top of page

Demystifying a 1031 Exchange

Click here to view original article or post

A 1031 Exchange comes from Internal Revenue Code 1031 and it is mostly utilized in the real estate realm, but can also be done with business assets that your clients should be aware of.

If you have ever traded your car in, then essentially you have just done a like-kind exchange. For instance, if the vehicle you traded in didn’t have any notes attached to it, you were given $4000 for the trade. That $4000 would be added to the basis of the new car. 

Just imagine that on a grander scale.

There are basically four different kinds of 1031-type exchanges, with the most common type explained in detail below.

A simultaneous exchange involves both parties exchanging deeds, and everything is taken care of. That is a true like-kind exchange. However, they are never really that simple.

Usually someone wishing to do a 1031 Exchange will have to find a qualified intermediary (QI). At closing of the first property, the QI would take possession of the cash and hold it.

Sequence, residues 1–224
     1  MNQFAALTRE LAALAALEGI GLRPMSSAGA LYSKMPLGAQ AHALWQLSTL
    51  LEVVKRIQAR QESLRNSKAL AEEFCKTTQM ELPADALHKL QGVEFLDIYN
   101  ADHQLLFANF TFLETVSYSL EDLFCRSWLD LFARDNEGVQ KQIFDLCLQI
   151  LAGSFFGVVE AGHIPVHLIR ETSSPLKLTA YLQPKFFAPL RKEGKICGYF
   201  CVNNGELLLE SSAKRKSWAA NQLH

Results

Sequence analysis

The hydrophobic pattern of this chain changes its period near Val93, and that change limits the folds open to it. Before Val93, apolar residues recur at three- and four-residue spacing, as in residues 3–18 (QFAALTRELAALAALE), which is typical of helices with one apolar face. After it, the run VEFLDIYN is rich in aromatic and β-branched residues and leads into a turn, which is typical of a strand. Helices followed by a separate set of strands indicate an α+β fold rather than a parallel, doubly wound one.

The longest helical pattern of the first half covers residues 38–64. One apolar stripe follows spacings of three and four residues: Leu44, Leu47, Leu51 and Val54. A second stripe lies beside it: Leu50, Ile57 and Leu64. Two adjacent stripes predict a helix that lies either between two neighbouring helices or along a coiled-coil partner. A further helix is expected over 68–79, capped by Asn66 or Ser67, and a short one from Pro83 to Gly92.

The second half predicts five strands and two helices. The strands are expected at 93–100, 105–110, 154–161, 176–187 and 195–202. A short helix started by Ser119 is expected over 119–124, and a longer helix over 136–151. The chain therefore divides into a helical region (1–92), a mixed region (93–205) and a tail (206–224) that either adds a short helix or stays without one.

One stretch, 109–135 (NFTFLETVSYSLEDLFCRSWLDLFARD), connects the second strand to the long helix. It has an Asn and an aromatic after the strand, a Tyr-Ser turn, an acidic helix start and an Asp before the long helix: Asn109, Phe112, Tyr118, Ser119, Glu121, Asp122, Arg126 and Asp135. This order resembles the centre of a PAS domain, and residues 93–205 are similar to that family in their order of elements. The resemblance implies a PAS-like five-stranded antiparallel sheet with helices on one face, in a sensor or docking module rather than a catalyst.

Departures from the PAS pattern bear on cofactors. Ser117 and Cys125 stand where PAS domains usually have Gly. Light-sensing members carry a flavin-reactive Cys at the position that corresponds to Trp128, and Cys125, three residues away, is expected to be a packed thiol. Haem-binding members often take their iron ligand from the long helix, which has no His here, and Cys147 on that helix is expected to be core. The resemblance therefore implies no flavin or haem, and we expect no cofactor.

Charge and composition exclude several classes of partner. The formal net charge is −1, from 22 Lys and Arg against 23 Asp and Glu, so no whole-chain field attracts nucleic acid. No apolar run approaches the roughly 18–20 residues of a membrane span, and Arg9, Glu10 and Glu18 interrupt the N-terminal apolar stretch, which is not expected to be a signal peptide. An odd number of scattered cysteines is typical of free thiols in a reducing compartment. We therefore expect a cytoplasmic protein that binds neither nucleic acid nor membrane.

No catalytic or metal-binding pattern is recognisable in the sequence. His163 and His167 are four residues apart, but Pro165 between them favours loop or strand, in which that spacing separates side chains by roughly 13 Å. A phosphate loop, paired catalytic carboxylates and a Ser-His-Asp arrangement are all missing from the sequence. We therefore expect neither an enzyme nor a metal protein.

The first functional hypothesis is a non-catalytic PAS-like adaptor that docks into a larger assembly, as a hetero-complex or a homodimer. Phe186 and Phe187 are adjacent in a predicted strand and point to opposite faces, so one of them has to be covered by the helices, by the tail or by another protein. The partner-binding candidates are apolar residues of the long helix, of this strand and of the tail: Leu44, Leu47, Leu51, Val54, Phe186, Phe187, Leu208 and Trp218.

The person that sold the property has 45 days to identify up to three properties to roll over the proceeds of the sale of the property. Why three properties?  Because deals fall through.  After the properties have been identified, you then have 180 days or the due date of the tax return including extensions, whichever comes first, to take possession of the property.

There are no rules officially stating this, but many Tax Court cases have put forth that you need to hold the new property for at least two tax returns before relinquishing it again.

And then what have you really accomplished? You haven’t avoided capital gains, you have just prolonged them. Now conceivably, you could exchange one property into another property, i.e. rent the second property out. 

You could then do a 1031 into your dream home, rent it for two years and convert it to your personal residence. If you have lived there for two of the last five years and then sell it, provided that you make less than $250,000 if you are single or $500,000 if you are married, then you avoid capital gains tax altogether.

There are other ways to avoid capital gains on the sale of a business or real estate. You can start an irrevocable trust that takes possession of the property. Eventually, you will receive money through an installment sale. 

Since you pretty much control the payments from the trust, you also control the timing of the capital gains. Then at some point, you can sell the property within the trust and cancel the installment note. This must be done correctly, because there are several Tax Court cases that address this very issue.

bottom of page